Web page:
Then the alarm call of a Blackbird assisted with the locating of the male owl, he was keeping a watchful eye on me from a nearby tree. Then as I watch him I became aware that he wasn't alone, I could see the hen owl too.

Normally Little Owls will just sit and watch from distance or fly away but these owls were doing neither? They seemed agitated, one of the owls then dropped down onto the nearby hedgerow for a closer look, I then realised the eggs must have hatched and they were waiting to get back to them, with this I departed immediately and left them to it. 

I then visited more sites and no owls were seen until this owl was located sitting up high at my site No 87. I don't think he took kindly to me parking between him and  the nest tree as he soon came down for a closer look.

 He got with 6 feet and gave me a very scary stare, if looks could kill!

I quickly moved on to some other sites and no more Little Owls were located, but I did happen to have an encounter with some Tawny Owls. I stopped off at the site where I've had some great views recently and initially nothing was seen or heard. Normally I stay in the Landrover here but as nothing was showing I decided to take a walk into the woods. Camera in hand I'd only just stepped under the leafy canopy when all hell broke loose! Owls were calling from all over the place, I couldn't see them as it was too dense but from the location of the calls I could make out at least five different individuals. My assumption was they were the two adults I'd previously seen and three youngsters.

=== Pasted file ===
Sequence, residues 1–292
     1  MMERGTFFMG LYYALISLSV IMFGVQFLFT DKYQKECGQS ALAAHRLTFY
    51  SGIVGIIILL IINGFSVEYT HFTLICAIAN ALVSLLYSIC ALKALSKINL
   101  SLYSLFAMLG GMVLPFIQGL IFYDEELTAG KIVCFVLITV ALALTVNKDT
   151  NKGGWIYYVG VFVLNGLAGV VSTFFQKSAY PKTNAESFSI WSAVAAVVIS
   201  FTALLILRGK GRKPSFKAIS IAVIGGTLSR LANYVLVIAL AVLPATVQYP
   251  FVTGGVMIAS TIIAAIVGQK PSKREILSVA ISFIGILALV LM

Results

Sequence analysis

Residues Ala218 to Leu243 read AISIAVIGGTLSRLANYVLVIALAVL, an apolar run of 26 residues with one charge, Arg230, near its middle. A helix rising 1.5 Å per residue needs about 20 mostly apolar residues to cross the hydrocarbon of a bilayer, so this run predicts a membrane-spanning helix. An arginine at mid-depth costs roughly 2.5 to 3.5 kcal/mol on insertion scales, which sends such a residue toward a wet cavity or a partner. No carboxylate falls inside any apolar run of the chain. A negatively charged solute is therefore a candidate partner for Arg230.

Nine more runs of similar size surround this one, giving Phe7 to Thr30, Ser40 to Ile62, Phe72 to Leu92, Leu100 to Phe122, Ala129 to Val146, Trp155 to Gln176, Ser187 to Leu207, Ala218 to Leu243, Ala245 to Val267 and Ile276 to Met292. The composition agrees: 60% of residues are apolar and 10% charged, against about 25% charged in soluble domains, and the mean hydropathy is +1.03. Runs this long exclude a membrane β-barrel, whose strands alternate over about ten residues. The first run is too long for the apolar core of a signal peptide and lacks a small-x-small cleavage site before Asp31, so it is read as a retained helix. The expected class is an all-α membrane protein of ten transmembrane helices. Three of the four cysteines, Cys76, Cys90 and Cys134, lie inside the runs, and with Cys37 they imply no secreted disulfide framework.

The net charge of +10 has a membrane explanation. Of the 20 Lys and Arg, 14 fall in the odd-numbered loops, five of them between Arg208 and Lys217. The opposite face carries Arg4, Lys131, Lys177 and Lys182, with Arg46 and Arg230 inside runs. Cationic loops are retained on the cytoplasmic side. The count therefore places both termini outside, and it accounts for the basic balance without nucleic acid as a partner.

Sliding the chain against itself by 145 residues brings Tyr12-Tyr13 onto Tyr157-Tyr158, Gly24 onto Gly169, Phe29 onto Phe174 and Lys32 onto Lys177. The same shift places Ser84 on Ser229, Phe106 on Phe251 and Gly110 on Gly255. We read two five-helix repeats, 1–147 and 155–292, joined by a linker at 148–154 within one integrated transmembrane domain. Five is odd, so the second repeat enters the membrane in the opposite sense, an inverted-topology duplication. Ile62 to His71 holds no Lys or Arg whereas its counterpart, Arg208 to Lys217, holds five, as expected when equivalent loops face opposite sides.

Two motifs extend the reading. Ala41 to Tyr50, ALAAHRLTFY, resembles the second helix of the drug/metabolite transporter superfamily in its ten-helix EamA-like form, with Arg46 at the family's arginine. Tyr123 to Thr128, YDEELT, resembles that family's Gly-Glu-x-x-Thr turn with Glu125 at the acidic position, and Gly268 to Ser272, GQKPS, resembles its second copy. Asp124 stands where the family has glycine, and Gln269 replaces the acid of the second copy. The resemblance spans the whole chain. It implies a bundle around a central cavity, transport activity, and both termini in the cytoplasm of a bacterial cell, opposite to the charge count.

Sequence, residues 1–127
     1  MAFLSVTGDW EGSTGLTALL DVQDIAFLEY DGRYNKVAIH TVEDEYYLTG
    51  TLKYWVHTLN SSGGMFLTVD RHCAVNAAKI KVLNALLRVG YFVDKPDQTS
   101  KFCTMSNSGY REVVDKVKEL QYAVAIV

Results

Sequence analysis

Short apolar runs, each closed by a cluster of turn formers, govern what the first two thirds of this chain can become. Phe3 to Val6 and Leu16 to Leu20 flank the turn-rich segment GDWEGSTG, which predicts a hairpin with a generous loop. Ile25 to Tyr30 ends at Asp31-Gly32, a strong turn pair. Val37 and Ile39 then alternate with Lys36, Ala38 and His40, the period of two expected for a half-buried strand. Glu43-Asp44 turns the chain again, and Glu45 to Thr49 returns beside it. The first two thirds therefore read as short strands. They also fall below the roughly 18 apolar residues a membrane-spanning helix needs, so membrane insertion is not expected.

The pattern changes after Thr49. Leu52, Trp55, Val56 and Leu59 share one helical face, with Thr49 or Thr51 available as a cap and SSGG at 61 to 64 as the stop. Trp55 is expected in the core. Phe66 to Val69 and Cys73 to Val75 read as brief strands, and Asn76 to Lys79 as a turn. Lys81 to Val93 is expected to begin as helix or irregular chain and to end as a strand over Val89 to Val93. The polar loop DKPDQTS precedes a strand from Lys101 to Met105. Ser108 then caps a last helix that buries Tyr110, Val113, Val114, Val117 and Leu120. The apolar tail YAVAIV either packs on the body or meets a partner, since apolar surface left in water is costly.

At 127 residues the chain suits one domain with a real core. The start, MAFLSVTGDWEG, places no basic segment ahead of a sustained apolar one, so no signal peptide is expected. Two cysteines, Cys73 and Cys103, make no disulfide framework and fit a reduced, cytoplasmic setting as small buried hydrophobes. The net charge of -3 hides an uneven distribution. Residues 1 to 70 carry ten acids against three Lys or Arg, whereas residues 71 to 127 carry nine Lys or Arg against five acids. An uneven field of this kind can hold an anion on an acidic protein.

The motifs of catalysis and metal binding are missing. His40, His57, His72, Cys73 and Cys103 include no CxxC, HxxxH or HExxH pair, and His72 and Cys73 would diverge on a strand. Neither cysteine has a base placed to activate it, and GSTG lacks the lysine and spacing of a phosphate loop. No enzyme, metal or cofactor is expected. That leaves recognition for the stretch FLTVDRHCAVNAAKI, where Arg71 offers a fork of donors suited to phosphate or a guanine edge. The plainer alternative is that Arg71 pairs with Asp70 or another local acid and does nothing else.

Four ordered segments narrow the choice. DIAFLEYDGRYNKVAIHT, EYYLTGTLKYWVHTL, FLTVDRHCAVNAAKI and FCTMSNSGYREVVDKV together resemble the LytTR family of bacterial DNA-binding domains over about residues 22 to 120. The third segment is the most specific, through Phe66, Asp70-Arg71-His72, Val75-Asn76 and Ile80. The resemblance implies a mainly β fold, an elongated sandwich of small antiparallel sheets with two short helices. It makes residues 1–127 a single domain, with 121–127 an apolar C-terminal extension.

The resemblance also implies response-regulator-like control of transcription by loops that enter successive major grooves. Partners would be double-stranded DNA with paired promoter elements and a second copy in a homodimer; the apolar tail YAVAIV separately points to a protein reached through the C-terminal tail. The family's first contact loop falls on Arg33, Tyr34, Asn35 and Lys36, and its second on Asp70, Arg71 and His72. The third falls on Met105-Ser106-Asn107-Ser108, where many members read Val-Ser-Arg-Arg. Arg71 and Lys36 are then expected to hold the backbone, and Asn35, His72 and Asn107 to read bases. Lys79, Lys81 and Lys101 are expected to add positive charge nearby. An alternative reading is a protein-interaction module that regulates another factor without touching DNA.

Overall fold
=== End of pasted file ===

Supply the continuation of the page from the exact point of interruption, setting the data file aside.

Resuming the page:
I made my way through to a clearing in the wood and sat down with my back to a tree, this tactic paid off as a  couple of sightings were then made. I suspect it was the adult owls that had come down from high up in the canopy to have a look at what I was up to. This first image will perhaps give a feeling for how dense the environment was?

My luck was then in as one of the owls came and landed very close to where I was sat. They really weren't happy I was there so I made a hasty retreat back out of the woods.

The last owl I saw during the weekend was at my site No 19, upon approaching the site I noticed that the farmer had assembled a hugh pile of rubble next to the nest tree. I really couldn't believe my luck as sat there sheltering out of the wind and in full sun was a Little Owl! I grabbed this record shot from distance as I was convinced that as soon I moved any nearer it would be off!

I slowly drove around to the other side of the rubble as the light direction for photography was much better from that side, remarkably he remained in the same place and posed nicely for me. 

I then really pushed my luck and drove right alongside him, he still didn't move!

So all in all it was a bit of a struggle seeing owls during the last few days, but I am not concerned in the slightest as they will all but much easier to see very soon. I am predicting my first "out of the nest" juvenile sightings/images will be in two weeks time...............can't wait!


  1. Very cool sightings and report. I am always watching for blackbirds, ravens, or Jay's who tend to like to bother the owls in the trees. They kindly give away there location :-)

  2. Great pictures.. Congrats and regards..

  3. You've excelled yourself managing those Tawny Owl images Paul, never easy with trees in full bloom. The first one I can still make out the gape of a youngster and the adult bird is stunning. The Little Owl are equally amazing, well done.

  4. Great image of the Tawny mate ................

  5. Sorry for my late reply, thanks all for your comments.